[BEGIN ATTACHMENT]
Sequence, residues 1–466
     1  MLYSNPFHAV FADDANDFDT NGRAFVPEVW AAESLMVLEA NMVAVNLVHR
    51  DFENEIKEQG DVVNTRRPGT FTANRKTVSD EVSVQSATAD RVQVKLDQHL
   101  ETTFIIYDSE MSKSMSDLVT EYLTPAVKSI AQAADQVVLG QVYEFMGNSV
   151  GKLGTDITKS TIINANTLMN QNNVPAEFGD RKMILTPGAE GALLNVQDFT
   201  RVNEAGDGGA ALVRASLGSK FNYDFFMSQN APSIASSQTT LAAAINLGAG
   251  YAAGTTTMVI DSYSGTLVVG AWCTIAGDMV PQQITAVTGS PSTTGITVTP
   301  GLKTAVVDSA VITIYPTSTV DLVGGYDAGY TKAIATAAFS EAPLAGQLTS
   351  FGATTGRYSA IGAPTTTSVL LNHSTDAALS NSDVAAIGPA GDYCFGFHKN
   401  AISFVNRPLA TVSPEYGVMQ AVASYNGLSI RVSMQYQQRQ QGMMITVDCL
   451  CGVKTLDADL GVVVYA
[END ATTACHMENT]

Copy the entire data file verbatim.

Sequence, residues 1–466
     1  MLYSNPFHAV FADDANDFDT NGRAFVPEVW AAESLMVLEA NMVAVNLVHR
    51  DFENEIKEQG DVVNTRRPGT FTANRKTVSD EVSVQSATAD RVQVKLDQHL
   101  ETTFIIYDSE MSKSMSDLVT EYLTPAVKSI AQAADQVVLG QVYEFMGNSV
   151  GKLGTDITKS TIINANTLMN QNNVPAEFGD RKMILTPGAE GALLNVQDFT
   201  RVNEAGDGGA ALVRASLGSK FNYDFFMSQN APSIASSQTT LAAAINLGAG
   251  YAAGTTTMVI DSYSGTLVVG AWCTIAGDMV PQQITAVTGS PSTTGITVTP
   301  GLKTAVVDSA VITIYPTSTV DLVGGYDAGY TKAIATAAFS EAPLAGQLTS
   351  FGATTGRYSA IGAPTTTSVL LNHSTDAALS NSDVAAIGPA GDYCFGFHKN
   401  AISFVNRPLA TVSPEYGVMQ AVASYNGLSI RVSMQYQQRQ QGMMITVDCL
   451  CGVKTLDADL GVVVYA